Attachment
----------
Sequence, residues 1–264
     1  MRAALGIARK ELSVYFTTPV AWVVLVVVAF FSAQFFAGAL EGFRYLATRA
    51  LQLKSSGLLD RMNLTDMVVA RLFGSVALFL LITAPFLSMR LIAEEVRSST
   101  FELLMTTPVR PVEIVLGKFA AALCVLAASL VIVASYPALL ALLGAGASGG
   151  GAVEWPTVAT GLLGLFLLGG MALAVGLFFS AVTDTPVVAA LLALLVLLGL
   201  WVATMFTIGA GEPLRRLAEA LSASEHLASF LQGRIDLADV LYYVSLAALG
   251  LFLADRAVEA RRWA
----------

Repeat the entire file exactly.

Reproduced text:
Sequence, residues 1–264
     1  MRAALGIARK ELSVYFTTPV AWVVLVVVAF FSAQFFAGAL EGFRYLATRA
    51  LQLKSSGLLD RMNLTDMVVA RLFGSVALFL LITAPFLSMR LIAEEVRSST
   101  FELLMTTPVR PVEIVLGKFA AALCVLAASL VIVASYPALL ALLGAGASGG
   151  GAVEWPTVAT GLLGLFLLGG MALAVGLFFS AVTDTPVVAA LLALLVLLGL
   201  WVATMFTIGA GEPLRRLAEA LSASEHLASF LQGRIDLADV LYYVSLAALG
   251  LFLADRAVEA RRWA